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Phys Med Rehabil Clin N Am. 2015 Feb;26(1):57-67. doi: 10.1016/j.pmr.2014.09.005.

Pathophysiology of muscle contractures in cerebral palsy.

Author information

1
Department of Bioengineering, University of California San Diego, 9500 Gilman Drive, La Jolla, CA 92093-0412, USA.
2
Department of Orthopaedic Surgery, University of California San Diego, 9500 Gilman Drive, La Jolla, CA 92093-0863, USA; Department of Veteran's Affairs, 3350 La Jolla Village Dr., San Diego, CA, 92161, USA. Electronic address: rlieber@ric.org.

Abstract

Patients with cerebral palsy present with a variety of adaptations to muscle structure and function. These pathophysiologic symptoms include functional deficits such as decreased force production and range of motion, in addition to changes in muscle structure such as decreased muscle belly size, increased sarcomere length, and altered extracellular matrix structure and composition. On a cellular level, patients with cerebral palsy have fewer muscle stem cells, termed satellite cells, and altered gene expression. Understanding the nature of these changes may present opportunities for the development of new muscle treatment therapies.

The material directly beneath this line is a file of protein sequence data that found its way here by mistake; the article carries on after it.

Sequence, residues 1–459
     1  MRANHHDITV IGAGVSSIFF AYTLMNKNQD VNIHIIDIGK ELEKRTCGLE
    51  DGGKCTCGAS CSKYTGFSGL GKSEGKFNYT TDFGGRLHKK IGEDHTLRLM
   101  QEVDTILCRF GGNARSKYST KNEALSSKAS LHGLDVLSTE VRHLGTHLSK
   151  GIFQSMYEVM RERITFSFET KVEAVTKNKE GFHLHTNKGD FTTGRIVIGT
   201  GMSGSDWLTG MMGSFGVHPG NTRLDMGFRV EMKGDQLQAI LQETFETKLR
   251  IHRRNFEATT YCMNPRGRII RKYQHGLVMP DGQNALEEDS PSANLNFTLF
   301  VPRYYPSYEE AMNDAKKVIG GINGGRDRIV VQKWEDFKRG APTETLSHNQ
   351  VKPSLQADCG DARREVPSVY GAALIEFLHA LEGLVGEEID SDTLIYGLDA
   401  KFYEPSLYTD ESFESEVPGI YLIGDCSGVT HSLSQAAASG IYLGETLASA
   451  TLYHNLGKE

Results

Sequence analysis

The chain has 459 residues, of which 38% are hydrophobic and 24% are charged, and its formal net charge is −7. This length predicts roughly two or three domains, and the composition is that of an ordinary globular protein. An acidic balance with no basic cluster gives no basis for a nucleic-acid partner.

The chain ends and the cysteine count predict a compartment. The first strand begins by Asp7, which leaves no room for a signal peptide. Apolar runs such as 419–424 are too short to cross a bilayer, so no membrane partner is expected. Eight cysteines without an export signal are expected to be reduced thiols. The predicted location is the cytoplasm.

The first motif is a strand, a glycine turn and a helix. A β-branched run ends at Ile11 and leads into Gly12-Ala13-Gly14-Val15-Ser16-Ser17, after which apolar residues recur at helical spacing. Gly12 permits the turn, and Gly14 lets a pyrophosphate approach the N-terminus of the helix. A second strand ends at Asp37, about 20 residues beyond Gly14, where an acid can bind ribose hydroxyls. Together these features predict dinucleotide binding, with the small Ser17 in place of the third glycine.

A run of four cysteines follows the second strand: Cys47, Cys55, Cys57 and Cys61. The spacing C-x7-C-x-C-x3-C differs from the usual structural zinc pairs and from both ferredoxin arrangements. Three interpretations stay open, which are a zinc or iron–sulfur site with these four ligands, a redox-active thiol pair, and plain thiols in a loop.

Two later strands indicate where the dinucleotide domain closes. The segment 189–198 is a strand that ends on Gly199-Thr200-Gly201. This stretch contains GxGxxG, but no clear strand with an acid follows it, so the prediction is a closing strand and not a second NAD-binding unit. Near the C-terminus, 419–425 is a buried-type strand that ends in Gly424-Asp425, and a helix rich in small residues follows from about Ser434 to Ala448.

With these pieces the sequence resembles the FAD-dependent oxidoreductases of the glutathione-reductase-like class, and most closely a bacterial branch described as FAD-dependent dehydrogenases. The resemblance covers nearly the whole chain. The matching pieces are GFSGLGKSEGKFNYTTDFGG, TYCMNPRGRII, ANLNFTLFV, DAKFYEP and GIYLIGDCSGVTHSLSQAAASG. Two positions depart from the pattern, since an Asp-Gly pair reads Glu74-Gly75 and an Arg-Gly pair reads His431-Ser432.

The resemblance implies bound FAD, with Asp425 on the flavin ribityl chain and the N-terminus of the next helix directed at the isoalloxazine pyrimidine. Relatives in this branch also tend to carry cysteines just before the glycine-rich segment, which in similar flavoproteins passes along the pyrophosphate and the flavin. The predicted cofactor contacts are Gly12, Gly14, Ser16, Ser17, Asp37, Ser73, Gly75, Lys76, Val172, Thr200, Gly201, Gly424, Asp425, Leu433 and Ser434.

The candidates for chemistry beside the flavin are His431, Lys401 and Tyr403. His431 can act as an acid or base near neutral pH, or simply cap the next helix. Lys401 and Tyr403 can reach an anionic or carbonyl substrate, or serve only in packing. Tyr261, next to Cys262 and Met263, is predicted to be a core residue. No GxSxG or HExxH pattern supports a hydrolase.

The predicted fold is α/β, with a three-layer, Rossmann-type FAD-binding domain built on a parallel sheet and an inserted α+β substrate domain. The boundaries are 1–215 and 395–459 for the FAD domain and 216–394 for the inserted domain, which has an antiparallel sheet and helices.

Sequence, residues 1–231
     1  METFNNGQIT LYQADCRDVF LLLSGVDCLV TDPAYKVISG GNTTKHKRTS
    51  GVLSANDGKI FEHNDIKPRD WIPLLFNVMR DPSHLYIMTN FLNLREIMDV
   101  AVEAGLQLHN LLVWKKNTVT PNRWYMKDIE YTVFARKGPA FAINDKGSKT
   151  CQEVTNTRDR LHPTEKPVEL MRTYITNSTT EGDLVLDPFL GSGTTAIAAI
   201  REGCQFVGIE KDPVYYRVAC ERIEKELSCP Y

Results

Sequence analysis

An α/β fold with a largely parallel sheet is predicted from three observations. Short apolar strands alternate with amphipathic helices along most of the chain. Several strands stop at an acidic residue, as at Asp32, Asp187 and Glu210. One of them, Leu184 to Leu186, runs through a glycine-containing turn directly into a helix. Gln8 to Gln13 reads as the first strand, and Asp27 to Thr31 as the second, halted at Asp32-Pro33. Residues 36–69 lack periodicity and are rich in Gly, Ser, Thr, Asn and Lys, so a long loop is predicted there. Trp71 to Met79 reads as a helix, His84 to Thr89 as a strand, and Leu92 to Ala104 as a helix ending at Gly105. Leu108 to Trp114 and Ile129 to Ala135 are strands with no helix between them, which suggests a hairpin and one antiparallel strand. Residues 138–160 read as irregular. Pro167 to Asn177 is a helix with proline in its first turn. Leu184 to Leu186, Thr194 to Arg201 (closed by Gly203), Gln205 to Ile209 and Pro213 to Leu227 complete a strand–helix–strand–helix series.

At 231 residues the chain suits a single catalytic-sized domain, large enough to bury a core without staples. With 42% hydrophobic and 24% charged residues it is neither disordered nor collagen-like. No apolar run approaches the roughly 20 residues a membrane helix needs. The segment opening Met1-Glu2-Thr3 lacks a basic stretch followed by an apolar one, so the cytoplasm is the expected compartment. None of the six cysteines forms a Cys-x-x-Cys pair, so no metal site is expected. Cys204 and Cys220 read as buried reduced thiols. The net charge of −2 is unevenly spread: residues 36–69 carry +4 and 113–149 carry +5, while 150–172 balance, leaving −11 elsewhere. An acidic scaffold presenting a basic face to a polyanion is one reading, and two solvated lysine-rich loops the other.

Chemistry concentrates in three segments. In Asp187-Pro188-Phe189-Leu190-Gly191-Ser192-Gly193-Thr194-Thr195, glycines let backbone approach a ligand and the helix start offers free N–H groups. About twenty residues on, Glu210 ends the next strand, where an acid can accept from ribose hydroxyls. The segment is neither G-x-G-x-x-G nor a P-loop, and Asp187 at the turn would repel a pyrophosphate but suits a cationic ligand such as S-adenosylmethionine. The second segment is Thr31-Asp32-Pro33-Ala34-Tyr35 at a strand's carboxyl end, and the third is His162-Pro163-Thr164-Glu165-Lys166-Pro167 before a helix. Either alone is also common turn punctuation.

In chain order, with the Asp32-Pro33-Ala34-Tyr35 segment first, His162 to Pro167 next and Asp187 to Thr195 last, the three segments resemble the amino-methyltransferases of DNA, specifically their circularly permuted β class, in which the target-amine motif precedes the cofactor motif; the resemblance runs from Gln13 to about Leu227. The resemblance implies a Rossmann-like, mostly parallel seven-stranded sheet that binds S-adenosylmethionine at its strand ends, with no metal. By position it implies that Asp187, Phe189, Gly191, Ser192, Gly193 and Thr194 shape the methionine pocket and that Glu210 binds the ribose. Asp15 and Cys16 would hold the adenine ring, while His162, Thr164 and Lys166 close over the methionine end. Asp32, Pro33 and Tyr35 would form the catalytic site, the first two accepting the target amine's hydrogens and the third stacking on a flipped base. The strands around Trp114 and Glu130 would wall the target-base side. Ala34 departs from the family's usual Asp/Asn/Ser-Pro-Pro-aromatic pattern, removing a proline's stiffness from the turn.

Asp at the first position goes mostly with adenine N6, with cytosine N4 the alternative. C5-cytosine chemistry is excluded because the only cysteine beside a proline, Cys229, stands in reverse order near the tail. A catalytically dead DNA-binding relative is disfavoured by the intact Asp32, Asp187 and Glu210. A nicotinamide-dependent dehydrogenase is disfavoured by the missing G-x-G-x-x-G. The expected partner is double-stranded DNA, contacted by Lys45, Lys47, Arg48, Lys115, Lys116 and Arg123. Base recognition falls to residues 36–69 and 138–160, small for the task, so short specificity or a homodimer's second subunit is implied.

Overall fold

KEYWORDS:

Cerebral palsy; Extracellular matrix; Fiber; Gene expression; Pathophysiology; Sarcomere; Skeletal muscle

PMID:
25479779
PMCID:
PMC4258234
DOI:
10.1016/j.pmr.2014.09.005
[Indexed for MEDLINE]
Free PMC Article

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